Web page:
If you're participating in NaNoWriMo this year, you probably have a good amount written at this point! But there's also the dreaded slump that seems to always hit before the finish line. Here's some advice from Quirk's editorial team to keep you going. Remember, you've got this!
Jessica Yang (Editorial Assistant)
By the time you read this blog post, I imagine you're close to hitting that mid-point slump. You've raced past the exciting, Halloween candy-fueled first few days, and now you're in for the long haul. It can be tough pushing through, but it's going to be okay. Just keep writing. Imagine you're a fancy filmmaker shouting "we'll fix it in post!" (Very sorry to any filmmakers. As you can tell, I don't know anything about filmmaking.) Your writing at this point doesn't have to be perfectly crafted or inspired -- it just needs to get out there. You can always revise it later. First drafts are just the beginning. Manuscripts often go through an entire journey to get to their final form, so don't let the pressure of getting things right the first time stop you from writing that novel!
Rebecca Gyllenhaal (Assistant Editor)
It's often said, but I think it's true that the greatest barrier most writers face is simply sitting down to write. There's an easy way to trick yourself into overcoming this barrier that sounds counterintuitive, but it works--at least for me! Here it is: make a rule that you have to write a page of anything except for your work-in-progress, every time you sit down to write. You can journal about your day, describe your surroundings, or even begin a letter to a friend. (But don't do any writing for work, or any other kind of writing project that "needs" to get done. That will pull your focus in the wrong direction.) It's much easier to sit down to write if you know you don't have to work on your project; it removes all the pressure. Once you've written a page of anything else, you can—but are not required to—turn to your main project. But you'll probably turn to it, because it'll be a much easier choice than going to it cold. Not only will you have set yourself up to write (sat down, cleared everything else away, acquired your writing tools), but during the warm-up your thoughts will likely begin to turn to your project, and impatience will set in. You may find yourself chafing against the "rule" before you even hit the one-page mark. It sounds so elementary, but this bit of reverse psychology works surprisingly well, by turning my contrarianism into fuel rather than an obstacle. I hope you find the same!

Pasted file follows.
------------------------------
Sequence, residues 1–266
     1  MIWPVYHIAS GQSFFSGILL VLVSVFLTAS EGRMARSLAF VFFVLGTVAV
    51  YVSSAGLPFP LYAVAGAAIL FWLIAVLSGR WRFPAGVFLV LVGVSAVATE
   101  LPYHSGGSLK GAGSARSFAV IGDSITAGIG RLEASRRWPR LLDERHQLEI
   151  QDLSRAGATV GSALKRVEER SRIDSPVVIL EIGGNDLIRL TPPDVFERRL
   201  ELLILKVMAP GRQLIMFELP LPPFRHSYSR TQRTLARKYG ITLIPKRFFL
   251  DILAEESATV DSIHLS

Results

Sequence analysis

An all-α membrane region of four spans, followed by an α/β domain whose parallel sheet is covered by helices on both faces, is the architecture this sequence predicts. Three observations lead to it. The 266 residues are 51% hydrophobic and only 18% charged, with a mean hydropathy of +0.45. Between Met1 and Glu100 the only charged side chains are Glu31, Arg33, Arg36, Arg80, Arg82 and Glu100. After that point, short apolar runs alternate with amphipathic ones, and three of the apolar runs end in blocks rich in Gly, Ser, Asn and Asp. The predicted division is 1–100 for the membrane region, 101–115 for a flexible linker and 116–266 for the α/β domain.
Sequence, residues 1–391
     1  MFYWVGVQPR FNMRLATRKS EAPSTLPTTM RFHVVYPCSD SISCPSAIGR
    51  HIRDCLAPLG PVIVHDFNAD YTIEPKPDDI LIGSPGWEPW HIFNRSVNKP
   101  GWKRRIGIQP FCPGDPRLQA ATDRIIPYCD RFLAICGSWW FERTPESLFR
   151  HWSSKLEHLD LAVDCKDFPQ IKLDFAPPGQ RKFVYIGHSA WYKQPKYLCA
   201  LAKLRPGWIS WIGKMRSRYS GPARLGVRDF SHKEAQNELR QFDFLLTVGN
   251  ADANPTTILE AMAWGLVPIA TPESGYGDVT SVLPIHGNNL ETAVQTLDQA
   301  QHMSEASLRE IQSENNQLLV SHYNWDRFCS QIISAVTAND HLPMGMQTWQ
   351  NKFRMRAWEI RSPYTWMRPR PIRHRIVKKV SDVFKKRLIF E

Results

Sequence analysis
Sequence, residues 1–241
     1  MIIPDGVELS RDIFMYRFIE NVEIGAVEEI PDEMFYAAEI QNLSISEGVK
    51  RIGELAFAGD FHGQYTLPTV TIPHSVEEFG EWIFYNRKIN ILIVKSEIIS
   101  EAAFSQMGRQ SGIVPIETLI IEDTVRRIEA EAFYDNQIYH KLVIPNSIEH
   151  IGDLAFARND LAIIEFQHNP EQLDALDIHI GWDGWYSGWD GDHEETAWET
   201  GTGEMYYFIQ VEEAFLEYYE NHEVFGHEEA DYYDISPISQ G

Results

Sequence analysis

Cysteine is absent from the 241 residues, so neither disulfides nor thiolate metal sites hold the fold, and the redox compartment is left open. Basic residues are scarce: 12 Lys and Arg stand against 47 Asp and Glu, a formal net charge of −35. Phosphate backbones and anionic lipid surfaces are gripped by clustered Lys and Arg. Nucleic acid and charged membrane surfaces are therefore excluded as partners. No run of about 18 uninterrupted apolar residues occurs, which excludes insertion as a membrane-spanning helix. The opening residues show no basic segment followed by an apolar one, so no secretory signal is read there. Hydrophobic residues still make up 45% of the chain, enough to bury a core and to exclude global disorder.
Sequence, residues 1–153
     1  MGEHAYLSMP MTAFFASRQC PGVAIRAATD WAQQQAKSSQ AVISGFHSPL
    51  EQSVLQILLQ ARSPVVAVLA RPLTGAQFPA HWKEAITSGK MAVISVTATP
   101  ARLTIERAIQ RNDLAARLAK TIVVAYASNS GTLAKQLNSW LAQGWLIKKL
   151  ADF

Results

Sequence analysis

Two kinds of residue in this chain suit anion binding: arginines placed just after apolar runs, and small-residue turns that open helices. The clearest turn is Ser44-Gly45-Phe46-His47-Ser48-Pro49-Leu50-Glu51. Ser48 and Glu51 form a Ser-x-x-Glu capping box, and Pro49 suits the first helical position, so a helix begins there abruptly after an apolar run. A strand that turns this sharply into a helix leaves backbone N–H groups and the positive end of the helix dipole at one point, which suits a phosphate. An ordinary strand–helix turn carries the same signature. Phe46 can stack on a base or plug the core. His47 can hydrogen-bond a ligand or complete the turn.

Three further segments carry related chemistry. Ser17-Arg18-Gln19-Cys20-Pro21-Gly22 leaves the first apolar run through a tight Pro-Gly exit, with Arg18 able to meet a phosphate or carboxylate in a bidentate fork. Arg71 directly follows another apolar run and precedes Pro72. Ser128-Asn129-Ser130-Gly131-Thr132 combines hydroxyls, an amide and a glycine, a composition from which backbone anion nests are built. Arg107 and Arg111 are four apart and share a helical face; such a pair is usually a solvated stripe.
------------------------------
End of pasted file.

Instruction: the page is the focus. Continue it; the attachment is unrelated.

Jess Zimmerman (Editor)
I have not yet tried participating in NaNoWriMo because I can't really settle on an idea—but truly, who said it can't be national (partial) novelS writing month? Certainly my experience with nonfiction is that it's sometimes more productive to write in chunks, even when you don't have a real road map for how you'll connect those chunks up later. Even when you might eventually find that they don't connect, and indeed belong in different projects! I'd encourage anyone who's feeling intimidated or overwhelmed by the scope of the project (including me!) to give yourself permission to start where you are. If you don't have a plot, try writing a few pages about a character or a setting. If you're not sure what to do with that person in that place, switch to something new—another genre, even. Maybe these fragments will amount to something together, maybe one of them will snowball into a whole project of its own, maybe what you'll end up with at the end of the month isn't a novel but a short story collection or a poetry chapbook or, hey, a bunch of fragments. But they won't get a chance to be any of those things if you keep your ideas locked away in your head because they don't feel complete or worthy.